Excessive time on digital devices also leads to habits that harm our mental and physical health. One study found that people who spend a great deal of time on their phones are less likely to eat regular meals, follow a healthy diet, and get a good night’s sleep. That all adds up to an increased risk of depression, obesity and a host of other health issues.

Taking a break from your devices helps you feel happier, and physically and mentally healthier.

Improved Brain Function

Even more alarming is the physical effect of screen time on our brain. It’s true! Screen time actually has the potential to change the structure of our brain. The negative effects of chronic exposure to digital media on our brains include:

  1. Impaired processing
  2. Reduced ability to focus, and
  3. “Dopamine loops” in which we become addicted to the hit from the feel-good chemical dopamine. When you have a positive social interaction on social media, your brain releases the reward neurotransmitter dopamine. Who doesn’t get a small thrill of satisfaction when someone likes their Instagram post? That kind of instant gratification is often missing from our offline lives. In fact, researchers have found that the dopamine cycle connected to Internet use and video games is similar to that experienced with drug addiction.

Conversely, breaking your addiction to screens helps your brain recover it’s ability to focus, and process information.

If you are needing more dopamine, there are much healthier ways to get it:

  • Eat protein regularly. The building blocks of protein are called amino acids. One particular amino acid, tyrosine, is needed to help your brain make dopamine.
  • Sleep well. Quantity, quality and sleep-timing are all important factors in the production of dopamine. Aim for 7-9 hours per night of deep sleep and aim to sleep by 10-11 p.m. and wake up by 6-7 a.m.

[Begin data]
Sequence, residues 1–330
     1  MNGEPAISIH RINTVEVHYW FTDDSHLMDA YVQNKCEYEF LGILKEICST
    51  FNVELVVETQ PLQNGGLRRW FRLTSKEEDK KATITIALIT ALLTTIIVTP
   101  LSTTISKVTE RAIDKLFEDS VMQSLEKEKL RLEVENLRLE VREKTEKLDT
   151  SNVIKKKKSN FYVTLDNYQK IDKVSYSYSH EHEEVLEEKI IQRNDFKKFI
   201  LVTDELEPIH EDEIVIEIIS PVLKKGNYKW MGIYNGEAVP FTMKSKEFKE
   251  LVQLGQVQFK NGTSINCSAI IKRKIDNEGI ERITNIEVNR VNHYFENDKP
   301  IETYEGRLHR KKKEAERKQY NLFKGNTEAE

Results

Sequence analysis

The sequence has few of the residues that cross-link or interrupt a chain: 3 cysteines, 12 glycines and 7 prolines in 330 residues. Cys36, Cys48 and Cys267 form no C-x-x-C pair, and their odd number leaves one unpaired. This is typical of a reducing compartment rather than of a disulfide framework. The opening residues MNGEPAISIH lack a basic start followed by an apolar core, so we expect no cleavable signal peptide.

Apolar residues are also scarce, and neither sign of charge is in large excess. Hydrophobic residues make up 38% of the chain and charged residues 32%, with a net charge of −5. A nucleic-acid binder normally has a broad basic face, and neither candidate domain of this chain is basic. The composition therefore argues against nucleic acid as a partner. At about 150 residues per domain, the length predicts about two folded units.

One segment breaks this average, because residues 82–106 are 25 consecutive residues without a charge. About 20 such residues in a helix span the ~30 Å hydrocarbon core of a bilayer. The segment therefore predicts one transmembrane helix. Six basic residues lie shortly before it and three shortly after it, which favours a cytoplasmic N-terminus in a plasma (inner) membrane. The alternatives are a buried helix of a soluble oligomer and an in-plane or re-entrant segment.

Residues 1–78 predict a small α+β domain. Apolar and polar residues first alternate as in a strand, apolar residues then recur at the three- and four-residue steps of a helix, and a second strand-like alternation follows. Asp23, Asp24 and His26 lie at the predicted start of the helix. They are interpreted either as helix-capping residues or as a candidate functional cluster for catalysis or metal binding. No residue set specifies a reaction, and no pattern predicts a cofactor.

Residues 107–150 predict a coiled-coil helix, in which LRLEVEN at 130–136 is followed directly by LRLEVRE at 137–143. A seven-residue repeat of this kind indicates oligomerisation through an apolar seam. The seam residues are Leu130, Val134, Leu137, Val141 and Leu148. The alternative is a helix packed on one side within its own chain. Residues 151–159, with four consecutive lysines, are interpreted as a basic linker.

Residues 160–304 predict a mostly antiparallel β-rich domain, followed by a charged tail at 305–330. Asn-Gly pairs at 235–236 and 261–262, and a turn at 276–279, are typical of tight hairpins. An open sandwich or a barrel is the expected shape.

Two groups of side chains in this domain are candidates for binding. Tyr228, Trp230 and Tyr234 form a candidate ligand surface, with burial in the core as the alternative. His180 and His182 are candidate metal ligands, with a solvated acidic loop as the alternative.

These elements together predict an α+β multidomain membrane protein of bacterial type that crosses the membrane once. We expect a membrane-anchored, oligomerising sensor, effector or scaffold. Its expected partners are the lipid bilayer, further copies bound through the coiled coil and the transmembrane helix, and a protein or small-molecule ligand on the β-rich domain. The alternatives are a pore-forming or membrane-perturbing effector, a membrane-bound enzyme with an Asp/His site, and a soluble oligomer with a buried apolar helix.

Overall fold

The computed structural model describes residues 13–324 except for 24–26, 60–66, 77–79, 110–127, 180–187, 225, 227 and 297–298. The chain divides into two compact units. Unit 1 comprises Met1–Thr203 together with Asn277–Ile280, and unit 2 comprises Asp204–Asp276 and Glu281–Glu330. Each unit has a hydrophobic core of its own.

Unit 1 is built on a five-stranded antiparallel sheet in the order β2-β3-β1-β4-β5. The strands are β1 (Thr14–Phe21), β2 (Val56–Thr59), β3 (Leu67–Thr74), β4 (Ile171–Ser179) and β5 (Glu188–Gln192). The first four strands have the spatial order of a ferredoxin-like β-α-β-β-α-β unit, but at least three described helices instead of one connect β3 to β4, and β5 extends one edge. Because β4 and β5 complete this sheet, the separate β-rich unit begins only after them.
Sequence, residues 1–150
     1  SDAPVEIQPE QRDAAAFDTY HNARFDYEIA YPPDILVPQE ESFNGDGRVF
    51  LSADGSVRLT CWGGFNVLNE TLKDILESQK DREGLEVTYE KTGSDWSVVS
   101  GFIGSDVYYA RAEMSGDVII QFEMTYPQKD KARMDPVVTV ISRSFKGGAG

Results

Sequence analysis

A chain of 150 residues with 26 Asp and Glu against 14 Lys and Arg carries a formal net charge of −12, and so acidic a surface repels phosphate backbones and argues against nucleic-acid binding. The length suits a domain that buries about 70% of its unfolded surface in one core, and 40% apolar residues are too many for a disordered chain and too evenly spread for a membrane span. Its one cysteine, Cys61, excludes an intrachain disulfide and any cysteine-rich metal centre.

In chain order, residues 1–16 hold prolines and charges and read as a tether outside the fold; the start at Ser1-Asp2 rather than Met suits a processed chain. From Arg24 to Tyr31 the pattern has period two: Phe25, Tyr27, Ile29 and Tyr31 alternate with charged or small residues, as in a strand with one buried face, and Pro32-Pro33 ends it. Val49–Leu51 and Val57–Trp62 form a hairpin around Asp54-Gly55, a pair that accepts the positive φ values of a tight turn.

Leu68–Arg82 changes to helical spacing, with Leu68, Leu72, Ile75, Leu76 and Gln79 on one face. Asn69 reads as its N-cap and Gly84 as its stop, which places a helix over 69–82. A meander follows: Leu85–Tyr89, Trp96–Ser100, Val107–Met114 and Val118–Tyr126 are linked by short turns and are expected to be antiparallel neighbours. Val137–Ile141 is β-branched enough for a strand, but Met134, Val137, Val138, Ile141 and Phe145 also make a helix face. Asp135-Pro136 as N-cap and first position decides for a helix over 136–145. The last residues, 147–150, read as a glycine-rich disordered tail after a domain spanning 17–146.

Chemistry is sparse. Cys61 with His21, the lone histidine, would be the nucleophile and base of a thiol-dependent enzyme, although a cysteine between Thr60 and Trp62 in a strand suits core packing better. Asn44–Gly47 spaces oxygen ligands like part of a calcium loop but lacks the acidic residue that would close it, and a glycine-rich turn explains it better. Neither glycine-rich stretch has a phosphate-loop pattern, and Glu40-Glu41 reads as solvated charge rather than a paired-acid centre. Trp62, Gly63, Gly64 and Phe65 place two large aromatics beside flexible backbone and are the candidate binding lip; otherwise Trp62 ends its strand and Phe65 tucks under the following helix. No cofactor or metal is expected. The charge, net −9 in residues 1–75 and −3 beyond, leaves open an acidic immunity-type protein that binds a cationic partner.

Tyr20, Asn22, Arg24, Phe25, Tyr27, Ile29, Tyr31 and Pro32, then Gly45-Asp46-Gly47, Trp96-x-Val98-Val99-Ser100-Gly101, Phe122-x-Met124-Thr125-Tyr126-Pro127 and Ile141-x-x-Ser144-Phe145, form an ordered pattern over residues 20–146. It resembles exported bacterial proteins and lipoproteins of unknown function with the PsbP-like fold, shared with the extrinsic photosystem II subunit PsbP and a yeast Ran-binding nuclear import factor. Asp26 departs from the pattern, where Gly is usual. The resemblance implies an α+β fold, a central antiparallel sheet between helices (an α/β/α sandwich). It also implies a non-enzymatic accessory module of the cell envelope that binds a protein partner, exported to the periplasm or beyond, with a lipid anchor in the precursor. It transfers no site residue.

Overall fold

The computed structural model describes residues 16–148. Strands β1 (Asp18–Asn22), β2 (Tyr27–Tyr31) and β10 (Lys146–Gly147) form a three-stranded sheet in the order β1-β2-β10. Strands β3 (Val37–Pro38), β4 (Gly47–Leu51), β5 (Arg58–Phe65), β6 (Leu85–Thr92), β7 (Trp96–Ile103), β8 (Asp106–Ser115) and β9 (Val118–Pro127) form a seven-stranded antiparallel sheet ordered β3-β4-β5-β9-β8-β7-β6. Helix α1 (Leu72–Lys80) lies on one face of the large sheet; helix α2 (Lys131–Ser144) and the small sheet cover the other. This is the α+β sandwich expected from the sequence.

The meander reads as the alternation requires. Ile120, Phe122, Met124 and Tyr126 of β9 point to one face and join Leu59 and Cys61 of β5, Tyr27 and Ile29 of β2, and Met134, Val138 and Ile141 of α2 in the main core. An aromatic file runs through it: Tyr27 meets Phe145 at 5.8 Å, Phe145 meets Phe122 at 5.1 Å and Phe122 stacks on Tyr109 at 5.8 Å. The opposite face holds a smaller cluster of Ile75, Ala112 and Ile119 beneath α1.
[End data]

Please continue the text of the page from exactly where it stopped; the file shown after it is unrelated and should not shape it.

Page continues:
• Reduce your saturated fat intake. Saturated fat impairs dopamine signalling.
  • Eat probiotic-rich foods. Certain good bacteria in your gut make dopamine.
  • Exercise regularly. Exercise also provides a hit of the reward neurotransmitter dopamine.
  • Meditate. Meditation has mental and physical benefits that may be due to the release of dopamine. If it’s not really your thing, aim for even 5 minutes per day when you first wake up or when you are going to bed.
  • Get outside. Sun exposure increases dopamine levels.
  • Improve your diet. In order to make dopamine, your brain needs to have iron, niacin, folate, magnesium and vitamin B6. Green leafy vegetables like kale, spinach, Swiss chard and romaine provide these vitamins and minerals.

More Restful Sleep

The blue light from our digital devices adversely affects our melatonin production. The result? Difficulty falling and staying asleep. Even more troubling are the possible links between blue light exposure at night, reduced melatonin and an increased risk for diabetes, cancer, and depression.

Better Posture

You may have experienced “tech neck” or a sore thumb after spending a long time on your phone. As well, researchers note that the slumping posture that develops while using digital devices also affects your breathing. One study found that 83 percent of people with neck pain have altered breathing patterns.